• Go Outside Your Comfort Zone:

One of the lessons in lean that does not get a lot of attention is – “go outside your comfort zone”. This is the essence of Challenge in the Continuous Improvement Pillar of the Toyota Way. When you stay inside your comfort zone, you are not willing to gather new information. You get stuck in your ways and trust your degrading mental model rather than challenging and nourishing your mental model so that you are able to develop yourself. Failure is a good thing when you understand that it represents new information that can help you with understanding uncertainties in your process. You will not want to try new things unless you go outside your comfort zone.

  • Experiment Frequently:

You learn more by exposing yourself to more chances of gaining new information. And you do this by experimenting more often. The scientific process is not a single loop of PDCA (Plan-Do-Check-Act). It is an iterative process, and you need to experiment frequently and learn from the feedback.

  • Challenge Your Own Perspective:

The Achilles’ heel for a lean leader is his confirmation bias. He may go to the gemba more often, and he may experiment frequently. Unless he challenges his own perspective, his actions may not be fruitful. My favorite question to challenge my perspective is “What is the evidence I need to invalidate my viewpoint right now, and does the information I have hint at it?” Similar questions ensure that the interpretation of the information you are getting is less tainted.

I will finish off with a funny story I heard about Sherlock Holmes and Watson;

Sherlock Holmes and Dr. Watson decide to go on a camping trip. All the way to the campsite, Holmes was giving observation lessons to Dr. Watson and challenging him. After dinner and a bottle of wine, they lay down for the night, and go to sleep.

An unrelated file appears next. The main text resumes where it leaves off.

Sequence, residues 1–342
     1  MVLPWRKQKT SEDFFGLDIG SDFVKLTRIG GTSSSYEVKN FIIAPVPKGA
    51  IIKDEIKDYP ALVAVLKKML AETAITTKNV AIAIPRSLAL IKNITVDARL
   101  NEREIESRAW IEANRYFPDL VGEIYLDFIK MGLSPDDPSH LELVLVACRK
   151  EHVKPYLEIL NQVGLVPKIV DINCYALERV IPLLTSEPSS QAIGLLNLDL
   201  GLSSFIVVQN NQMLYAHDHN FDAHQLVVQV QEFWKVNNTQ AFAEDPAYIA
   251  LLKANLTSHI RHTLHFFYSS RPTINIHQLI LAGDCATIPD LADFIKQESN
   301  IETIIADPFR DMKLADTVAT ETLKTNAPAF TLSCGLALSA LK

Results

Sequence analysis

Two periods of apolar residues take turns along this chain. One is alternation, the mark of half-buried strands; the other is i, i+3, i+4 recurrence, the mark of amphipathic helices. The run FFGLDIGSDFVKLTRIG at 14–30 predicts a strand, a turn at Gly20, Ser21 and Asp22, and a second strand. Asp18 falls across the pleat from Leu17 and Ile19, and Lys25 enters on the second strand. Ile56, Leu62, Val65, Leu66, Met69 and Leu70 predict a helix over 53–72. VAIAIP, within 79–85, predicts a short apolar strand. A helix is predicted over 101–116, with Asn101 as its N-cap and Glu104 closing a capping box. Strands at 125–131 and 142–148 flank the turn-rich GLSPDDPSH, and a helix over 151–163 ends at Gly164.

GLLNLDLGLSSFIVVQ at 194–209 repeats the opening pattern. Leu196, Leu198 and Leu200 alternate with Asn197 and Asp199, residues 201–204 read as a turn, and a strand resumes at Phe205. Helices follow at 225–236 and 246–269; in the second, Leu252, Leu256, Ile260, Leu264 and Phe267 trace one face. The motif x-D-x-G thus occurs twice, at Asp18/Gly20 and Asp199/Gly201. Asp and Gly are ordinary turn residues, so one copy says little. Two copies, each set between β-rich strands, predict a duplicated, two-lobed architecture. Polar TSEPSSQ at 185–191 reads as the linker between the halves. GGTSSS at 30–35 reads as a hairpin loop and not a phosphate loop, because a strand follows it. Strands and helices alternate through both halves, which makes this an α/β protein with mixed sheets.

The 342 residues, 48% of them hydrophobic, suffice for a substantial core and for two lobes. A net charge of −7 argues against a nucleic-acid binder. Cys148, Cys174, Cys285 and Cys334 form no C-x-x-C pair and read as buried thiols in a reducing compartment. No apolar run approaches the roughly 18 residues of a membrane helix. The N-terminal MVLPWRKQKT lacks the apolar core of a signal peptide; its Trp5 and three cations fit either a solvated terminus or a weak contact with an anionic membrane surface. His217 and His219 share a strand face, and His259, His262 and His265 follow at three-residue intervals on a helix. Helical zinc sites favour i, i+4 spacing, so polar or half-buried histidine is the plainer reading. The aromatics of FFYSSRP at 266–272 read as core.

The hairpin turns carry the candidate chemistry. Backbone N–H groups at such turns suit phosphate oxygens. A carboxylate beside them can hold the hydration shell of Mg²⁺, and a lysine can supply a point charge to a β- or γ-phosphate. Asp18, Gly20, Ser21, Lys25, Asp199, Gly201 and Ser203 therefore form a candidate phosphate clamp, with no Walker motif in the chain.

Some hours later, Holmes awoke and nudged his faithful friend.

“Watson, look up at the sky and tell me what you see.”

Watson replied, “I see millions of stars.”

“What does that tell you?” Holmes asked.

Watson pondered for a minute.

“Astronomically, it tells me that there are millions of galaxies and potentially billions of planets.”
“Astrologically, I observe that Saturn is in Leo.”
“Horologically, I deduce that the time is approximately a quarter past three.”
“Theologically, I can see that God is all powerful and that we are small and insignificant.”
“Meteorologically, I suspect that we will have a beautiful day tomorrow.”
“What does it tell you, Holmes?” Watson asked.

Holmes was silent for a minute, then spoke: “Watson, you idiot. Someone has stolen our tent!”

Always keep on learning…

In case you missed it, my last post was The Pursuit of Quality – A Lesser Known Lesson from Ohno.

Eight Lessons from Programming – At the Gemba:

At the gemba - coding

In today’s post, I will be writing about the eight lessons I learned from Programming. I enjoy programming, and developing customer centric programs. I have not pursued a formal education in programming, although I did learn FORTRAN and BASIC as part of my Engineering curriculum. Whatever I have learned, I learned with an attitude of “let’s wing it and see”.

  • Be Very Dissatisfied with Repetitive Activities:

Our everyday life is riddled with repetition. This is the operative model of a business. Design a product, and then make them again and again. This repetitive way of doing things can be sometimes very inefficient. The programmer should have a keen eye to recognize the repetitive non-value adding activities that can be easily automated. If you have to generate a report every week, let’s automate it so that it is generated every week with minimal effort from you.

  • There is Always a Better Way of Doing Things:

Along the same lines as the first lesson, you must realize that there is always a better way of doing things. The best is not here yet, nor will it ever be. This is the spirit of kaizen. Even when a process has been automated, there is still big room left for improvement. The biggest room certainly is the room for improvement.

  • Never Forget Making Models:

When a Lean Practitioner is looking at a system, creating a model is the first step. This model could be a mental model, a mathematical model or even a small scale physical model. This model can even be a basic flowchart. This is part of the Plan phase of PDCA. How do the components work with each other? How does the system interact with the environment? What happens when step A is followed by Step B? A good programmer should understand the system first before proceeding with creating programs. A good programmer is also a good Systems Thinker.